"Twee" has always been one of my favorite words. It was a lost, slightly obscure word that is now a cultural buzz word. I am not too sure I like that! Anyway. The Twee-King is Wes Anderson. (That would be Twee-King, not twerking which is horrific enough when Miley Cyrus does it, but god-forbid we ever had to see Wes Anderson with Robin Thicke! But I digress...)
I have always been a huge fan of Wes Anderson all the way back to his pre-tweeness. One of my favorite things about Anderson is his obsessive attention to detail.
In the hands of less creative director, Moonrise Kingdom, would have a Boy Scout Camp, easily recognizable book titles, and a pop-driven score. Not Anderson. In Andersonville, there are Khaki Scouts, The Girl from Jupiter, and Benjamin Britten. Nothing screams teen romance more than Benjamin Britten. Yes, somewhere there is a Khaki Scout Handbook. And yes, of the six books that Suzy Bishop held dear, including The Girl from Jupiter, Wes Anderson wrote long passages for each book just in case one needed to read aloud these fictional fictions.
The Life Aquatic with Steve Zissou featured first time actor Seu Jorge, a famous Brazilian singer who sang David Bowie covers in Portuguese.
Did you notice the typefaces in The Royal Tenenbaums? Wes Anderson did.
In Andersonville, the worlds are self-contained and the most simple of things are fretted over with great detail. Nothing is off-the-rack. Everything is plotted and created. There is always a back story that Anderson can commandeer at any moment.
His latest movie, The Grand Budapest Hotel is based on a story by Stefan Zweig. I must admit a fondness for moody Austrian writers. I simply adore the late Ingeborg Bachmann. Anderson swears that he stole much of the movie from Zweig's Beware of Pity. The Grand Budapest Hotel features Mendl's Bakery as another location and key plot element. Mendl's has its own distinctive packaging and a famous confection: the Courtesan au chocolat. In a Wes Anderson movie, if there is a bakery with a special recipe, one can rest assured that that recipe is one that you too, can make. Further more, that particular recipe will have its own back story.
"The exact recipe for the Courtesan au chocolat has never been published or publicly disclosed as per the conditions of Herr Mendl’s will. However, the following has been collated and adapted from a several “pirate” sources in the Nebelsbad archives (including a 1963 recipe from the kitchen of the Grand Budapest Hotel using powdered eggs that was printed in the Lutz Daily Fact)."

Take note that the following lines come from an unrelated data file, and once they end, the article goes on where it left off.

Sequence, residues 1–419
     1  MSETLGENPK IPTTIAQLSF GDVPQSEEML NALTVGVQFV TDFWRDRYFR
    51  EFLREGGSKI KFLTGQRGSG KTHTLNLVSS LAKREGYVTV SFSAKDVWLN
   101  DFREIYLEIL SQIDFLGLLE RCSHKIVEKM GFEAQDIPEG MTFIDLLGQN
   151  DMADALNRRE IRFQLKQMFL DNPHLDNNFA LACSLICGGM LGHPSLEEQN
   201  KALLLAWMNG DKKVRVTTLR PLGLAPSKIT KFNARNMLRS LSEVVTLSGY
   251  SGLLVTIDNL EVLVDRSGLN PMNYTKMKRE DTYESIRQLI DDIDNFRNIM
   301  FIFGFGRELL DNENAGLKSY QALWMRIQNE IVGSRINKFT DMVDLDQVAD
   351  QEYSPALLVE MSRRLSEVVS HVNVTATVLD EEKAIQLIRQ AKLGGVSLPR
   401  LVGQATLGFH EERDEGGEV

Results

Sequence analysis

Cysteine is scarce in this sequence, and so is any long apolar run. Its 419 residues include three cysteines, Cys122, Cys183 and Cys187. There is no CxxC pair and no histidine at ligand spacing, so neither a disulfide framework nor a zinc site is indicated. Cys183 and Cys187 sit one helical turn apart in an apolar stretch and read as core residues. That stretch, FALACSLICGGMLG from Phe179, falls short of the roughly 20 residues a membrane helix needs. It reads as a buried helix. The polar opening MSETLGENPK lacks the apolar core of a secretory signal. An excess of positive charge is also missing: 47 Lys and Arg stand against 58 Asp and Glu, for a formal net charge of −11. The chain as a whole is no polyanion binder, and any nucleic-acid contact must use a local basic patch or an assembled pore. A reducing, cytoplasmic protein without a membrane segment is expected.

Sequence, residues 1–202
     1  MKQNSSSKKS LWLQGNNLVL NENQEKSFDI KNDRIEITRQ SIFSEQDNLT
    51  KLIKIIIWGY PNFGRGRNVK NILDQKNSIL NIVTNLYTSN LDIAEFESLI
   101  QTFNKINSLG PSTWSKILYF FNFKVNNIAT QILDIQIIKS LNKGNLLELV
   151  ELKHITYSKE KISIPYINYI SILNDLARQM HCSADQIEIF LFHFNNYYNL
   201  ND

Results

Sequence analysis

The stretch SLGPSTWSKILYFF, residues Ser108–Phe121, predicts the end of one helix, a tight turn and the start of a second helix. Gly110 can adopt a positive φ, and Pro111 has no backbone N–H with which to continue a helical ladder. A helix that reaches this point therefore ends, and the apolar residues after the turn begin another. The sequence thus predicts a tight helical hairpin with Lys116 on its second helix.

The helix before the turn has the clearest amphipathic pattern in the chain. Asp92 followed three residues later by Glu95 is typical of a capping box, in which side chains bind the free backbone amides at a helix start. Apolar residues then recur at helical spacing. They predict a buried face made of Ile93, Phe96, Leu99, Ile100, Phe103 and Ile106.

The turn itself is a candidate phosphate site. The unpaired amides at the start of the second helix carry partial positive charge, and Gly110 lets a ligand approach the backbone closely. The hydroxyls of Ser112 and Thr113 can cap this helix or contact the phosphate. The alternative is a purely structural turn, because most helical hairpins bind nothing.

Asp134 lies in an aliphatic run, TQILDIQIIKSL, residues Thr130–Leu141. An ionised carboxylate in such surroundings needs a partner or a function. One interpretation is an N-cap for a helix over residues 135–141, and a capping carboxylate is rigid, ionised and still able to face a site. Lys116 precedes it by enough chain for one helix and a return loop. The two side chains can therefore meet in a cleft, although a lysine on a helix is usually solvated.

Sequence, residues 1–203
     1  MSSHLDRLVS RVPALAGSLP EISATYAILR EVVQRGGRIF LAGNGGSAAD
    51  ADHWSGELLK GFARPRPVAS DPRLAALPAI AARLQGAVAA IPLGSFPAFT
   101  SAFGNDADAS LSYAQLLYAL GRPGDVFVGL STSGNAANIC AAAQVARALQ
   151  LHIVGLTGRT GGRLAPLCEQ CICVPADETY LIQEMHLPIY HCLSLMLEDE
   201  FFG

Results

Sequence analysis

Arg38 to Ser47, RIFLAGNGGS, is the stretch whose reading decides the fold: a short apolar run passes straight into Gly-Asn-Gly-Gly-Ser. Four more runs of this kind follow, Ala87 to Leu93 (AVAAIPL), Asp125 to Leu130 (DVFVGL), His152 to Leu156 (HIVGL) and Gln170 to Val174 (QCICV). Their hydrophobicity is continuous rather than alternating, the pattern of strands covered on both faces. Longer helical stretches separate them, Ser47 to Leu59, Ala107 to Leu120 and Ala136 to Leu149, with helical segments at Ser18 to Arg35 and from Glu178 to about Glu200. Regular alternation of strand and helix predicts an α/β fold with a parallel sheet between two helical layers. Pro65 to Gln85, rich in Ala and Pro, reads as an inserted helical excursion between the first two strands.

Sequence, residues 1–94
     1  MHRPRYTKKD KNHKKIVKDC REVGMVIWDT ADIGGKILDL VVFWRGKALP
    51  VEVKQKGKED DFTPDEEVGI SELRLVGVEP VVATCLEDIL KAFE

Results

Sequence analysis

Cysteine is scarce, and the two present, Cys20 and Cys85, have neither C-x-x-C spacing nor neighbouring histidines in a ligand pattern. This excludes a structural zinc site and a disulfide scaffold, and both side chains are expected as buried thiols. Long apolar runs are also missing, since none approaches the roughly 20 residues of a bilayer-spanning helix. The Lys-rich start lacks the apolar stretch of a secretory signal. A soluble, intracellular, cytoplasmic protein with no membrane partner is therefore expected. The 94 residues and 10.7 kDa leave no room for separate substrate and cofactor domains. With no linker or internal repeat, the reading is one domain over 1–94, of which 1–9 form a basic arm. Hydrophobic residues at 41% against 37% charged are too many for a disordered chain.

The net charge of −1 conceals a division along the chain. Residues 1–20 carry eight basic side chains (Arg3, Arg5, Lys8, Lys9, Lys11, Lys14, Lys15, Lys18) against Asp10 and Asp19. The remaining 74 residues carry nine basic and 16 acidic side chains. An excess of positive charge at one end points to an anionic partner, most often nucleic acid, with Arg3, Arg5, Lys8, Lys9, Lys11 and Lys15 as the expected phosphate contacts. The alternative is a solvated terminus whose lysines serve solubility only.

There would be a recipe:
Mendl’s Courtesan au Chocolat
Make a choux pastry of flour, water, butter and eggs. Though correct proportions may vary depending on one’s elevation and humidity, we recommend:
1 cup plain flour
1 cup fresh water
1/4 lb (1 stick) butter
4 eggs beaten in a bowl
A pinch of salt
A larger pinch of sugar
Bring the water, butter salt and sugar to a boil. Remove from the fire and quickly mix in the sifted flour. Return to heat for a few minutes, stirring, and cook until the dough forms a single lump. Allow to cool just enough to keep the eggs from cooking and stir in very gradually with a strong wooden spoon.
Cover your tray in parchment and pipe the dough into spoon size dollops. You will need small, medium, and large size pastry balls (large tablespoon, teaspoon and hazelnut size dollops) to make a courtesan. Bake in the oven at 350F(180 C) for about 25-35 minutes. The smaller pastries are best put on a separate tray as they will cook more quickly.
Remove from the oven and discreetly make a small piercing in the choux to allow the steam to escape.
Once cooled, the large and medium choux should be filled with a crème pâtissière of chocolate, egg yolks, and sugar.
1 1/2 cups whole milk
Several large pieces semi-sweet chocolate
3 egg yolks
1/4 cup sugar
2 spoons cocoa powder
1 tablespoon flour
Cornstarch to thicken
Heat the milk gently and add chocolate, stirring to melt into a rich, almost-steaming chocolate milk. Whisk egg yolks, flour, sugar, cocoa and a few spoons of cornstarch into a smooth mixture. Add half of the hot chocolate milk to the bowl, a little at a time, stirring constantly. Then add this mixture back into the rest of the hot milk, stirring over gentle heat for a few minutes until the mixture thickens to a custard. Remove from heat and chill.
Once cooled, spoon the chocolate crème into a pastry bag and pipe into the large and medium pastry balls.
Prepare sugar icing of confectioner’s sugar, a dash of vanilla and enough milk to achieve the desired consistency. Separate into 3 small bowls and add food coloring to each - one pink, on lavender, one pale green. Reserve a small amount of white icing.
To assemble a Courtesan, dip a large ball of filled pastry in the pink icing (to the midline) and place icing side up on a small tray. Repeat with a medium pastry into the lavender icing, and place it, iced side up, atop the first ball. Press it gently so it sticks in place. Repeat with the smallest pastry in the green icing. Decorate with filigree of white icing as desired. Place a cocoa bean atop the tower as a garnish.
And there would be an instructional video:
I must say, The Grand Budapest Hotel is not my fave Wes Anderson movie, but so far, it seems to be the only one that comes with a recipe.